Tarvaris Jackson overcomes nerves, shines in NFL debut
By Josh Moon, Montgomery Advertiser
As the pregame fireworks exploded and the familiar Monday Night Football theme music blared overhead, Tarvaris Jackson found himself surrounded by some of the biggest stars in the National Football League.
For a few seconds, the former Alabama State quarterback was a bit awestruck by the scene at the Metrodome in Minneapolis. Shortly thereafter, it all began to sink in as he contemplated where he was, what he was doing and who he was doing it with.
"I was just standing there in that tunnel and I was like, 'My God, this is Fred Smoot next to me,'" said Jackson in reference to the Vikings' sixth-year defensive back out of Mississippi State, and a new NFL teammate.
"'These are all the guys I've been watching play on TV for years. I'm about to play on Monday Night Football,'" Jackson recalled, still somewhat in disbelief. "It was ... I can't even describe the feeling."
Jackson quickly snapped out of it and focused on the reality of starting his new job as a rookie NFL quarterback as the Vikings hosted the Oakland Raiders in a preseason game in front of a nationwide television audience.
The former Sidney Lanier star didn't suffer from stage fright. Jackson completed 7 of 13 passes for 60 yards and ran for 36 more. There were a couple of dropped passes in those totals, including one that was a sure touchdown, and one nasty blow to the head that sent Jackson to the sidelines for a while.
"I think I played pretty well," said Jackson, who was selected by Minnesota in the second round of this year's NFL draft. "You know, one thing I've learned in my years playing is that it's never as bad as you think or as good as you think. I'm sure when I watch the tape I'll find quite a few things I did wrong."
But the numbers only tell part of the story. The reception Jackson received from the hometown Minnesota fans was the biggest surprise. After several months of debate among the Vikings' faithful as to whether or not the team made a sound decision in selecting Jackson so high in the draft, it appears as though the fans are now firmly behind Jackson.
When he entered the game late in the second quarter Monday night, he did so to a standing ovation. Each time he broke free for a run, there were loud cheers. When he walked off the field before halftime, the fans were standing again.
"That was a little surprising," Jackson said. "I guess, maybe, they've seen me at practice and they know I'm working my tail off for this.. Maybe they like that."
It wasn't just the fans in Minnesota who were behind him, either. At ASU, where Jackson led the Hornets to a SWAC title and two Eastern Division championships, a scheduled practice for Monday evening was mysteriously cancelled and all squad meetings were wrapped up just prior to the MNF kickoff.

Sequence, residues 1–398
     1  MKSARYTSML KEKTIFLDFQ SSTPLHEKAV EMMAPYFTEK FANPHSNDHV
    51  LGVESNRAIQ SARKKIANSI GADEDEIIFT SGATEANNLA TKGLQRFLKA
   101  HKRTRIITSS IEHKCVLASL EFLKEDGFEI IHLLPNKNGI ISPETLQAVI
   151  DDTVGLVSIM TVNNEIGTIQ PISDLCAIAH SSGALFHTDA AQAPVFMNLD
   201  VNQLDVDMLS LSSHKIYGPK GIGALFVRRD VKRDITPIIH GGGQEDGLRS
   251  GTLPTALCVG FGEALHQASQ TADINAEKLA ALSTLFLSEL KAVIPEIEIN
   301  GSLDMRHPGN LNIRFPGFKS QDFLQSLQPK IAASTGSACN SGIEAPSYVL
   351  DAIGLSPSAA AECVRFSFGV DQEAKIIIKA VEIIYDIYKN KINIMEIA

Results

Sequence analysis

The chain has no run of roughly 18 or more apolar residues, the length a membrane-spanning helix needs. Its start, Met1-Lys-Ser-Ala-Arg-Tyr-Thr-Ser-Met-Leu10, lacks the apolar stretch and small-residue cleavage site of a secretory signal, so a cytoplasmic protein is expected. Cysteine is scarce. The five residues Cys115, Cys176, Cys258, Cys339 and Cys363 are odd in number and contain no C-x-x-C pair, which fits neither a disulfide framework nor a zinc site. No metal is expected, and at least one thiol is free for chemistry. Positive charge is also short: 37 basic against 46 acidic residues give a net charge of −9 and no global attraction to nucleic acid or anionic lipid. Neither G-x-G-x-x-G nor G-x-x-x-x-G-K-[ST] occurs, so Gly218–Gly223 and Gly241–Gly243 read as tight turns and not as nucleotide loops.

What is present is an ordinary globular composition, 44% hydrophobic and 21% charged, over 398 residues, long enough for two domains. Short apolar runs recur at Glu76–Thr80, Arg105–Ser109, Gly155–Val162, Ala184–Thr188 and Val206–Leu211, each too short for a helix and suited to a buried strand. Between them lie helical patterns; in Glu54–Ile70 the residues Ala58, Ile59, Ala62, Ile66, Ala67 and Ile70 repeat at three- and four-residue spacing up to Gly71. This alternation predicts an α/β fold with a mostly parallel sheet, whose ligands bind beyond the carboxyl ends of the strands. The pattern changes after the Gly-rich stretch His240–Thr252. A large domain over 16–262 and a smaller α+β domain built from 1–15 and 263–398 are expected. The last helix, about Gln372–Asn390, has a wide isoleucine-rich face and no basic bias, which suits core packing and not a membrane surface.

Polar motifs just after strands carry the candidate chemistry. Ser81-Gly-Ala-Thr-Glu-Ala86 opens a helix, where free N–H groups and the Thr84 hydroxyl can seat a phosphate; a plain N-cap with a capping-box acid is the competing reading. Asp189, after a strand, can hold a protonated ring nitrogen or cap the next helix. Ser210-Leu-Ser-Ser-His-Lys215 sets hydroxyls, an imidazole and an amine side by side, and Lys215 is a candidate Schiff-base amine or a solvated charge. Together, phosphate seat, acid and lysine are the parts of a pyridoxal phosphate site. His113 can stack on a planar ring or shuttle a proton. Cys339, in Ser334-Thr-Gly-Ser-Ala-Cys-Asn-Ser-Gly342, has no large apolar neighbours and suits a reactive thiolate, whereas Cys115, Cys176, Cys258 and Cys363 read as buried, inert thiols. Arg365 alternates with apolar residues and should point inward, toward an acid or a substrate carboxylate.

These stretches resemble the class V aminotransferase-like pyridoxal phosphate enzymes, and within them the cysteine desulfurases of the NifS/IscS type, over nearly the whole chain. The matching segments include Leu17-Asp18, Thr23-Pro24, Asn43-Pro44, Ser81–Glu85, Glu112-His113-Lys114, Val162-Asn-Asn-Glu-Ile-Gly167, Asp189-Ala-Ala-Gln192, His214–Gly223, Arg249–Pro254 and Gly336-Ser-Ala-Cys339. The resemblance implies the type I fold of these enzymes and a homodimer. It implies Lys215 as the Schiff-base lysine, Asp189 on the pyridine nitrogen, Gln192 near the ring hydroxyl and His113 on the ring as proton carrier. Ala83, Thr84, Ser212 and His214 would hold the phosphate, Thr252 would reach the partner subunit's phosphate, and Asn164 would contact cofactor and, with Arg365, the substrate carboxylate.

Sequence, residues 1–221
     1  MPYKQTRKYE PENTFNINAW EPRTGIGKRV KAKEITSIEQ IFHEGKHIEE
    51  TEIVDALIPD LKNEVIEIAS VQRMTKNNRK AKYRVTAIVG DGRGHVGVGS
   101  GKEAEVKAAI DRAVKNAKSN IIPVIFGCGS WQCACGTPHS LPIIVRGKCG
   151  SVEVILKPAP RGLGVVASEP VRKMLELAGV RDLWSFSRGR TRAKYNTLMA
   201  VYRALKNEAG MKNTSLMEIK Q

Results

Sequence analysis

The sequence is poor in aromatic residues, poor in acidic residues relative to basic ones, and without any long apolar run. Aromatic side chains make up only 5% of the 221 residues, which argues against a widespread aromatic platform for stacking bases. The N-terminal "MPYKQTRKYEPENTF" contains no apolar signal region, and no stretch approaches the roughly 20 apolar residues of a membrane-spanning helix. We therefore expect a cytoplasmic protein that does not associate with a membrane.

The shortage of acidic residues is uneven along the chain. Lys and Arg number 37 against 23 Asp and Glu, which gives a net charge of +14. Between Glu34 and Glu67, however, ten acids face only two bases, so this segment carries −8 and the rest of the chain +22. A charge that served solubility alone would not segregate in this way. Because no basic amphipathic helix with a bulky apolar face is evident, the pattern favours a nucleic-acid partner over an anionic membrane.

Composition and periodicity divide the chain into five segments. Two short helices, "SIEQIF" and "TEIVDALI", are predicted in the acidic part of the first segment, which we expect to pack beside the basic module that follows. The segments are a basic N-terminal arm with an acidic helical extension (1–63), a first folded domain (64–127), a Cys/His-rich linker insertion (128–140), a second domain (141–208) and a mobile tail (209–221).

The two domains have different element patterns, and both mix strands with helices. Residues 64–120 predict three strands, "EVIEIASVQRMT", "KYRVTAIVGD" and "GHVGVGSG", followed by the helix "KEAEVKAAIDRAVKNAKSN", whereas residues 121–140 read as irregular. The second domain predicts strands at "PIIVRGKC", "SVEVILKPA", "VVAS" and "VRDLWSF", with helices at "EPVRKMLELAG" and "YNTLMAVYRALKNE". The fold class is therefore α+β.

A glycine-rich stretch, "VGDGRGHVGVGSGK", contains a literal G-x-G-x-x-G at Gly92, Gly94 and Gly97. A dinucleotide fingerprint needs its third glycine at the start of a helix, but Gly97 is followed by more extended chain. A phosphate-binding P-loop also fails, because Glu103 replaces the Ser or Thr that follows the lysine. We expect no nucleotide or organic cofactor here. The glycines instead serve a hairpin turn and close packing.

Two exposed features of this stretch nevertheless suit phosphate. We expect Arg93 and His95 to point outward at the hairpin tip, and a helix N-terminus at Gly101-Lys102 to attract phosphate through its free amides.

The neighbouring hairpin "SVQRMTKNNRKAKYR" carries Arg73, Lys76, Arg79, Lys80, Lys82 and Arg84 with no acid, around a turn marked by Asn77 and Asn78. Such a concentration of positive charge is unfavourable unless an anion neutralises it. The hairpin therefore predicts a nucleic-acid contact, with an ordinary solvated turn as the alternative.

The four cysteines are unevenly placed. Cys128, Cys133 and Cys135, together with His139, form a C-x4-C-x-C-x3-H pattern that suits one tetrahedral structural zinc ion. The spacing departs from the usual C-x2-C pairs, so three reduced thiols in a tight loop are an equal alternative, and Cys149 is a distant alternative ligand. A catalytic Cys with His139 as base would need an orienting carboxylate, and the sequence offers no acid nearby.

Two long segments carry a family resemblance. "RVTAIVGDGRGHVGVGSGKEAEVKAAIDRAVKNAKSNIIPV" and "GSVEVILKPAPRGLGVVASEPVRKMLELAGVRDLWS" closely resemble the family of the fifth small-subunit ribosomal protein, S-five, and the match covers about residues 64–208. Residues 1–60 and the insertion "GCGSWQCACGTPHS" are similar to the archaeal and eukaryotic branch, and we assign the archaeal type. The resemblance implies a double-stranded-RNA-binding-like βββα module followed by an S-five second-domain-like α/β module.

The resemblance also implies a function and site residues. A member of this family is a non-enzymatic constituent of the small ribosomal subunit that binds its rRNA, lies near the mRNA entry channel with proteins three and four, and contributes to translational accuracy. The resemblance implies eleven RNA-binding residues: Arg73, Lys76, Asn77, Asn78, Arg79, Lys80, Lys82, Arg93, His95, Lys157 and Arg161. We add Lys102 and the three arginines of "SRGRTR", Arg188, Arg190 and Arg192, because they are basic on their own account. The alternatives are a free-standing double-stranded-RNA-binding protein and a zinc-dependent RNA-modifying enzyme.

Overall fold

Only a coincidence, head coach Charlie Coe said. But when asked about Jackson's performance Tuesday, it was more than obvious what channel Coe's television had been tuned to the night before.
"I thought he played well," Coe said. "He handled himself well and did some good things. Not a bad first outing at all. Needs to learn to slide, though."
That's not exactly the first time Jackson received that advice. Vikings veteran starting quarterback Brad Johnson, Minnesota head coach Brad Childress, and several other teammates and coaches have been preaching that same line to Jackson since the day he entered training camp.
The problem is, Jackson's not a slider. Never has been.
"I'm not going to go out there and be stupid," Jackson said. "But I told coach in practice the other day, I've got good legs and I can use them. I told him, 'I ain't trying to be a running back out here, but I ain't no punk, either.'
"I want to do what they tell me and I've been really trying, but I completely screwed up that first slide. Went down too soon and didn't get the first down. After that, I decided to do what came natural."
Meanwhile, the NFL introduced Jackson to what comes naturally to a QB who breaks the line of scrimmage and tries to fight for extra yardage. Jackson took a hard forearm to the head from a Oakland defender as he fell forward and had his head bounce off the turf.
"He learned a couple of lessons," coach Brad Childress told the St. Paul Pioneer Press after the game. "No. 1, that AstroTurf is hard."
Those lessons are just the latest entries on an ever-growing list that started the day Jackson was drafted. He's struggled slightly in some areas, like learning how to temper his expectations for himself. In other areas, particularly handling his newfound fame and fortune (Jackson signed a four-year, $4 million deal with Minnesota), he's done exceptionally well.
"I've just got to learn to be patient with myself. That's something I've always struggled with," he said. "The money â€” that's not a big deal to me because I'm just really letting that take a backseat to football. I've gotten some advice from some of my teammates and from (ASU QB coach Reggie Barlow). That's helped. Everything I do, I'm asking questions because I want to make sure I do it right."
In the end, though, all the ups and down, triumphs and achievements have one thing in common: Jackson loves it all, calling it a dream world.
"I'm getting set to buy my first house, should close on it in a couple of days. I'm playing on Monday Night Football. I'm playing football for a living," he said. "At this point, it's almost like it's a big joke and any minute somebody's going to come along and take it away. It just doesn't seem real. Just sitting here thinking about all of it now, I just can't even believe that all of this is happening to me."